In the film “2001: A Space Odyssey,” an astronaut travels through a seeming tunnel of light. (In the novelization, he radios to mission control: “The thing’s hollow—it goes on forever—and—oh my God!—it’s full of stars!”) Earlier this summer, Artechouse, an organization producing immersive, technology-based art, started offering a science-backed version of a similar trip at its New York venue. The show, titled “Beyond the Light,” is a looping twenty-six-minute journey through space and other realms inspired by images from the James Webb Space Telescope (J.W.S.T.). Artechouse began talks with NASA about a show in 2018, and started pulling this one together earlier this year, after the first images captured by J.W.S.T. were released to the public last July.
There’s a long tradition of art about the stars. More than sixteen thousand years ago, cave explorers in what’s now Lascaux, France, painted animals that are believed to represent the constellations. A few hundred miles away and many centuries later—near Saint-Rémy-de-Provence, in 1889—Vincent van Gogh made “The Starry Night,” a swirling blur of color looming over a village. “I’m sure people have been painting the heavens for as long as they’ve been looking at them,” Maggie Masetti, the NASA social-media lead for the J.W.S.T. mission, told me. “Beyond the Light” is high-tech—video is projected on three walls and the floor of a vast room, while a powerful sound system thrums—but it’s also connected to traditional astro-art in the way it’s largely abstract and impressionistic (sometimes even Cubist). Although the show makes use of images taken by the Webb telescope, it is mostly imaginative. Splashes of color, bubbles, tubes, machinery, and glowing rocks covered with runes flow across the room in response to what the telescope has found.
When the show premièred, in June—its D.C. première is this Friday—a number of researchers involved with the J.W.S.T. were in attendance, among them Stefanie Milam, a NASA astrochemist; Macarena García Marín, an astrophysicist at the European Space Agency; and Mike Menzel, NASA’s mission-systems engineer for the Webb. They stood talking with Sandro Kereselidze, one of Artechouse’s founders. “It’s absolutely fantastic and beautiful,” Milam said. “We already tried to do our own art,” she went on—scientists producing images with the Webb had used “different components of the instruments, different wavelengths, or different filters, to really tell the story about a given image, because we want you to see the baby stars being formed in a giant cloud, or to see the Great Red Spot on Jupiter in multiple colors, or other storms in planetary atmospheres.” But now artists were telling other kinds of stories using the images. “What we do is sort of amateur art,” Milam said.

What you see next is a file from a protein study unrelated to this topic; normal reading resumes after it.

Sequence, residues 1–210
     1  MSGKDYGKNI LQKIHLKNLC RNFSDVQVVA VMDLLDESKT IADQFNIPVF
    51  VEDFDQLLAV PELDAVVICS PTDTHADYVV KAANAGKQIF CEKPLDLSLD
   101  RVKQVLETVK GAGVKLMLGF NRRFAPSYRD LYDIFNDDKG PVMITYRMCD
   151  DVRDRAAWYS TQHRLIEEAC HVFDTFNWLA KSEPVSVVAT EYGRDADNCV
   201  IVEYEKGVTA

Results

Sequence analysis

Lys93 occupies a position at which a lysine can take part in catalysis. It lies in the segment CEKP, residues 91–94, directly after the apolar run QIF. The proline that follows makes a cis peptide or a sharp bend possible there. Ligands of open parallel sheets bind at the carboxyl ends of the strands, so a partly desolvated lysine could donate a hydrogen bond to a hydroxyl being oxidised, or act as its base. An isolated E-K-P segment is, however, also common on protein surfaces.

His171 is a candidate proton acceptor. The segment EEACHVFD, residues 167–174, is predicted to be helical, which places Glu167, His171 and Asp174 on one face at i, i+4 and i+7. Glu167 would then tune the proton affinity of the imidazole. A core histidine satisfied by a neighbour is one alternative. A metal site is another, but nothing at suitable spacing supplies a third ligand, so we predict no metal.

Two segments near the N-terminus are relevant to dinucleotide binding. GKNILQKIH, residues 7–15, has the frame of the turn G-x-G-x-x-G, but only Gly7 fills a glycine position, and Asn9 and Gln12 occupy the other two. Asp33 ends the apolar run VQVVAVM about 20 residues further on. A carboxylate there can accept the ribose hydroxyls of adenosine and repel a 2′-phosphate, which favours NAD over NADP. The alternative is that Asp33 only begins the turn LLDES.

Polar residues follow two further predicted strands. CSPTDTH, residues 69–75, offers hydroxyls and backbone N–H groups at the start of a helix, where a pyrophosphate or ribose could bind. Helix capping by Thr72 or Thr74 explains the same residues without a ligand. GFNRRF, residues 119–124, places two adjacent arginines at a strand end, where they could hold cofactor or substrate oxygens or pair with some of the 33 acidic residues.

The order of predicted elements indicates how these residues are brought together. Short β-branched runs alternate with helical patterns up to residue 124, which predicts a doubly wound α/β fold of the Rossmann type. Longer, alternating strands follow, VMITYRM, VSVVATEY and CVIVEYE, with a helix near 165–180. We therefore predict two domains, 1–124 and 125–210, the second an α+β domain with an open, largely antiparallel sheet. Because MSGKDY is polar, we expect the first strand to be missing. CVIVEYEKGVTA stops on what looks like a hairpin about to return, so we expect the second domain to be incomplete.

“We designed the telescope to wow the scientists,” Menzel agreed. Now, he said, “We’re here in an art show, watching some images that we helped produce becoming things that are almost iconic.”
Kereselidze saw similarities between the artists he worked with at Artechouse and the scientists. “We speak the same language,” he said. “We have the passion for expressing what we discovered.” There were some small science exhibits on a mezzanine, but the venue wasn’t trying to be a science museum. Instead, Kereselidze said, “The goal is to open up curious minds. If everything is, like, ‘A, B, C, D,’ it becomes like PowerPoint, right?”
Later, over Zoom, Riki Kim, the executive creative director of Artechouse, explained the meaning behind some of the seemingly disconnected visuals. The floating rocks with glowing inscriptions on them alluded to prehistoric cave paintings; the drifting bubbles represented quantum foam, theoretical fluctuations in space-time. “Every exhibit that we produce is a celebration of a combination of science and technology and art,” she said. Her favorite Webb image, she said, showed the Phantom Galaxy, a spiral galaxy thirty-two million light years away, which the telescope captured using an infrared instrument. Something resembling a blue, glowing eye sits at the center of what looks like a cobweb going down the drain of a black marble sink. She contrasted it with the Cosmic Cliffs and the Pillars of Creation, two regions of nebulae that had also been strikingly photographed. They were like pop stars, she said—winning and charismatic—whereas “the Phantom Galaxy has that rock-star kind of appeal to it. It’s moody. There’s some mysteriousness.”